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Hobbyists are missing a ‘pico balloon.’ Did a U.S. fighter jet shoot it down?

Jet fighters fly over clouds. (Getty Images)
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Everyone seems worried about balloons right now. The Pentagon announcement that a fighter jet downed a Chinese spy balloon over the Atlantic Ocean this month has renewed attention to what’s in our skies, and the military shot down three other aerial objects last week. The White House even had to assert that there were no signs the objects were linked to aliens.

Balloon hobbyists, meanwhile, are also worried for other reasons — that the small balloons they launch into the sky could be shot down or that the focus on balloons could lead to tight restrictions on their little-known hobby.

Speculation has grown about whether one of the unidentified objects taken down by a U.S. F-22 on Feb. 11 over Canada’s Yukon Territory was a small party-style balloon launched by a hobby group whose name is a whimsical reference to the children’s film “Up.”

The Northern Illinois Bottlecap Balloon Brigade recently said one of its balloons went “missing in action” on Feb. 11, near an island off the coast of Alaska. Then questions emerged after Aviation Week reported that, based on the last-known location and forecasting models, the balloon was predicted to have been floating over Yukon on the day the F-22 shot down a mysterious object. Politico has also reported that the FBI spoke with the group.

Security threat or hot air? A guide to high-altitude balloons.

The Illinois-based group launches hydrogen-filled balloons that have GPS tracking and antennas, and can rise up to 47,000 feet, according to its website. It has not linked the fate of its missing balloon, which it launched months ago, to the shoot-down in Canadian airspace, and did not respond to a request for comment Thursday.

Many balloons are probably soaring overhead at any given moment, for purposes from monitoring weather to gathering intelligence, but hobbyists worldwide also launch balloons into the sky, including small ones referred to as “pico balloons.”

Balloon hobbyists have said it was possible the object blown to smithereens by an F-22 was a GPS-tracked party balloon.

People launch balloons for radio experiments, or as part of projects to learn more about technology, balloons and the sky — as well as for fun, according to Dave Akerman, a member of the U.K. High Altitude Society who has launched nearly 100 larger latex balloons. Now enthusiasts are concerned “there will be a knee-jerk reaction to what’s happened,” he said in an interview.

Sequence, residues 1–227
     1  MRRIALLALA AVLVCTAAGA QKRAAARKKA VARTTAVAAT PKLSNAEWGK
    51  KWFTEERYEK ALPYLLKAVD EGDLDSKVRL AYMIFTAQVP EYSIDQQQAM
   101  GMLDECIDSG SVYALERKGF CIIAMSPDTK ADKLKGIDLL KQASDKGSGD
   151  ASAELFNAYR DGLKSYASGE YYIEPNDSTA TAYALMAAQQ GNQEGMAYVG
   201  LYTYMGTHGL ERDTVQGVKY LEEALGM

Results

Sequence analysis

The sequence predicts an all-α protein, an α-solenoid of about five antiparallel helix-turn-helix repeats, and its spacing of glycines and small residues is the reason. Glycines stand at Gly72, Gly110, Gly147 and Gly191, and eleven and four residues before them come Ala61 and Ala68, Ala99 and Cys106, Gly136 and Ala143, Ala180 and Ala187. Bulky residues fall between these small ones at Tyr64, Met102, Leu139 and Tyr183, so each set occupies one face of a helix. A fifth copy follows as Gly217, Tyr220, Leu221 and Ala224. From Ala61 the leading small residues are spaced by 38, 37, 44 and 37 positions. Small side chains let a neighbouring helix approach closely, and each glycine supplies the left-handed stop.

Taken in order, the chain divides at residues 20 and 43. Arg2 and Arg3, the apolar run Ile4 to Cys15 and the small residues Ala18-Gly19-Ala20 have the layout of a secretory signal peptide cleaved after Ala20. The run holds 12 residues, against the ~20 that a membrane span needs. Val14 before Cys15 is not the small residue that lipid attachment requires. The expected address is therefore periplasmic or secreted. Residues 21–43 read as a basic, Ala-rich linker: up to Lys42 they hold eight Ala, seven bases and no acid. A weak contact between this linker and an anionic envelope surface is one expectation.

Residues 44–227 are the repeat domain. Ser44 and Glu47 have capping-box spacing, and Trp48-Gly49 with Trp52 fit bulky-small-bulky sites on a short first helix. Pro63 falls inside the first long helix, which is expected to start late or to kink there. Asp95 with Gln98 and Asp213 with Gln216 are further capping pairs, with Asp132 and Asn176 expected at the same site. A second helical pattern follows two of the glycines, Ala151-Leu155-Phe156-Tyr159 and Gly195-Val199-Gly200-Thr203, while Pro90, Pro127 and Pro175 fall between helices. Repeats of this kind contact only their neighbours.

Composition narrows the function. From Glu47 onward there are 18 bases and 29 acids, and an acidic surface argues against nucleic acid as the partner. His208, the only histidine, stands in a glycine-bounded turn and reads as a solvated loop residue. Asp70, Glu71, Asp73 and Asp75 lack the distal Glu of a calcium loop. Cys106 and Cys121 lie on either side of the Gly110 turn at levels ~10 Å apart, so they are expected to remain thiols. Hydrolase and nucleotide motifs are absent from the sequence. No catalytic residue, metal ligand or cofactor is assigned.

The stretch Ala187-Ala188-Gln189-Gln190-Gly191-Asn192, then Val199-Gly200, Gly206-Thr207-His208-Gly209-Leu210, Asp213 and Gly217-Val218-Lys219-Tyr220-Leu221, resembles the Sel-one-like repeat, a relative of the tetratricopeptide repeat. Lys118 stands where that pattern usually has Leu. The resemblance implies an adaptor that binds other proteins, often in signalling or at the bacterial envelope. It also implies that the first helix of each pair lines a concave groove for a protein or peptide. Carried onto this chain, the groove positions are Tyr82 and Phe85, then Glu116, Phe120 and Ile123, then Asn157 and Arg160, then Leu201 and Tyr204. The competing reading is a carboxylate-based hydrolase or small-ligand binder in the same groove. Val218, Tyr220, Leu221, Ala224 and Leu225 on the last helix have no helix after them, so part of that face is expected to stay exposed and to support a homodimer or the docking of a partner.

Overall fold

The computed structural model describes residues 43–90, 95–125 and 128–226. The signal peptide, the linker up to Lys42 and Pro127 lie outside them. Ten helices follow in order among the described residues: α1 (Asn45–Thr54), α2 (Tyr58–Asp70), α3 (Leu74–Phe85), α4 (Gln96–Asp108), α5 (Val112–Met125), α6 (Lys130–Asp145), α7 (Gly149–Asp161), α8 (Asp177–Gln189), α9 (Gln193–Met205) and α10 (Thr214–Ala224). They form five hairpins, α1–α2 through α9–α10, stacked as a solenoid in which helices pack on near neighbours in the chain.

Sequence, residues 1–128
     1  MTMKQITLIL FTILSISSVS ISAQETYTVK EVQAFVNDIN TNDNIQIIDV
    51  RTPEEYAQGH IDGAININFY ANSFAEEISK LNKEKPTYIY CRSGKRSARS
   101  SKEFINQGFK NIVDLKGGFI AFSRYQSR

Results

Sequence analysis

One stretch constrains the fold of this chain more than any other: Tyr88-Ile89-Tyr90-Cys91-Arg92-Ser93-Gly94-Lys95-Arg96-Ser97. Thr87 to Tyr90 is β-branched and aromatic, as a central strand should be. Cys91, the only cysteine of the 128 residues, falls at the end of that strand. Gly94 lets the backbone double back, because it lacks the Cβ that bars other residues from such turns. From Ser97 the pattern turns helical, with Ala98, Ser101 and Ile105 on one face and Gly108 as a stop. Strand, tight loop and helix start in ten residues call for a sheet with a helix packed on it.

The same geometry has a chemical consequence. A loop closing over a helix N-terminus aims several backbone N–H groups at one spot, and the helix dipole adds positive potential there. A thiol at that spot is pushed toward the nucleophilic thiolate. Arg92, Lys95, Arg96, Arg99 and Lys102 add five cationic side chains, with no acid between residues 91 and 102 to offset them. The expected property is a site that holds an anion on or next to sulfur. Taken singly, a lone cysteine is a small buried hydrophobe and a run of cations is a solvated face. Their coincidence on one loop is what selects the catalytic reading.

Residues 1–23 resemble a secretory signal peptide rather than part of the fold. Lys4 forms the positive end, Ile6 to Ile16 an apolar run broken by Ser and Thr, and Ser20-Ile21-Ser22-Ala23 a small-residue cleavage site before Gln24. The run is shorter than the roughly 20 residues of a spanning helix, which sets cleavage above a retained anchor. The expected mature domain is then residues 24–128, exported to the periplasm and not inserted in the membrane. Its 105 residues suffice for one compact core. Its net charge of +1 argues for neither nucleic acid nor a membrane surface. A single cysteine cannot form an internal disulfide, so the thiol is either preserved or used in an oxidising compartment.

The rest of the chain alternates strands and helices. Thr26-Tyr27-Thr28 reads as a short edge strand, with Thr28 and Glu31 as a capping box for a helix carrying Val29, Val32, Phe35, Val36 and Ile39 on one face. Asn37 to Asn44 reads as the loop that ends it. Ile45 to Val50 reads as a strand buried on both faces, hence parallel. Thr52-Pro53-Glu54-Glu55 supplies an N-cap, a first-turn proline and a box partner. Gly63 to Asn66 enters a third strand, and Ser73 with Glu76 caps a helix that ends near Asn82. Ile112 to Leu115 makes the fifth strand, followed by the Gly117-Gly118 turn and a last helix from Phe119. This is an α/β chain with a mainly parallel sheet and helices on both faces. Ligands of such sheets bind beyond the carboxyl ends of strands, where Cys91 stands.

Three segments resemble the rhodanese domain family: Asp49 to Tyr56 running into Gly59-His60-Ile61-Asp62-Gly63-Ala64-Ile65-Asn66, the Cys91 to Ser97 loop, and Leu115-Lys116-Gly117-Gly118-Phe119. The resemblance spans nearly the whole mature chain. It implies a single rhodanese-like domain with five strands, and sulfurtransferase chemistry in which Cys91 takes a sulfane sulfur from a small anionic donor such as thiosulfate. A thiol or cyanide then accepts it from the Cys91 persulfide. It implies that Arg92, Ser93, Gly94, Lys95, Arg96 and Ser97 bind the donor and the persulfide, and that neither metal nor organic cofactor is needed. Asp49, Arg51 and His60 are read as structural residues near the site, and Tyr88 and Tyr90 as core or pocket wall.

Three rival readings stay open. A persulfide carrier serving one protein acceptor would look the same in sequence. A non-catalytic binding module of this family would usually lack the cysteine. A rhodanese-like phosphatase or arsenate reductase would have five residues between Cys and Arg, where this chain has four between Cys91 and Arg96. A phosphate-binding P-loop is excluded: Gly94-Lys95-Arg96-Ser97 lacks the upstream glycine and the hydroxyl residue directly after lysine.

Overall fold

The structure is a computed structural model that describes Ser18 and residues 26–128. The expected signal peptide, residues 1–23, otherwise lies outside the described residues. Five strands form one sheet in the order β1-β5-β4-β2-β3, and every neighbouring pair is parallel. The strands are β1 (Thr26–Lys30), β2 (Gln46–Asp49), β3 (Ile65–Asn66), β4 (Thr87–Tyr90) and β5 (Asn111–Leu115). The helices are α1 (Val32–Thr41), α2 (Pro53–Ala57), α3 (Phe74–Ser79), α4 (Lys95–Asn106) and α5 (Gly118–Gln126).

He said he hoped that authorities and hobbyists could coordinate on reasonable guidelines or rules if needed. “It’s also in the interests of authorities not to be shooting down party balloons with missiles.”

While the evidence remains circumstantial in the case of the incident over Yukon, “what they described sounds exactly like these pico balloons,” he added.

The week Biden had to decide whether to shoot down mysterious objects

“The plastic balloons will stay up for several months, during which time they’ll circumnavigate the globe and then eventually the wind and weather get to them,” he said. While it depends on the size and weight, the small, light balloons typically don’t require permission from authorities for launching, he added.

President Biden has sought to reassure Americans that the three objects shot down last week, after the Chinese balloon, did not appear linked to foreign surveillance programs. He said Thursday that intelligence officials think “these objects were most likely balloons tied to private companies, recreation or research institutions studying weather or conducting other scientific research.”

Biden says latest aerial objects likely unrelated to Chinese spying

U.S. officials have yet to recover remnants of the object shot in Canadian skies, after the Pentagon chief said it was “absolutely important” to recover debris. The Royal Canadian Mounted Police said Thursday that while search efforts continued, conditions were “extremely challenging” in mountainous terrain and harsh winter weather.

The Pentagon said it had no updates to provide as of Friday morning. The FBI could not be reached for comment late Thursday.

The detection of the Chinese balloon has also prompted the U.S. military, which usually looks for threats such as missiles, to adjust its radar filters to detect smaller or slower objects that would normally be filtered out. That could partly answer why other objects were later identified in quick succession.

Helier Cheung, Dan Lamothe and Pranshu Verma contributed to this report.

More on the flying objects shot down over U.S., Canada

The latest: U.S. fighter jets have shot four objects out of the sky over North America this month. The first object, a balloon shot down off the South Carolina coast, was Chinese. Biden said Thursday the three other objects did not so far appear to have connections to foreign surveillance programs.

The first balloon: The first object was linked by the U.S. intelligence community to a vast surveillance program run by the People’s Liberation Army. Here’s a timeline of the balloon’s journey across the United States and photos of the recovery.

The response from China: China’s Foreign Ministry said the U.S. has sent at least 10 unsanctioned balloons into Chinese airspace since last year. China accused the United States of an “overreaction” and reiterated claims that the airship was a civilian vessel that drifted off course.

Why use a spy balloon? Spy balloons “offer a few advantages over the use of satellites or drones,” James Rogers, an academic at Cornell, tells us. The Defense Department told Congress that similar surveillance balloons had been spotted in U.S. airspace before, and a top U.S. general said past incursions by Chinese balloons went undetected by the Pentagon.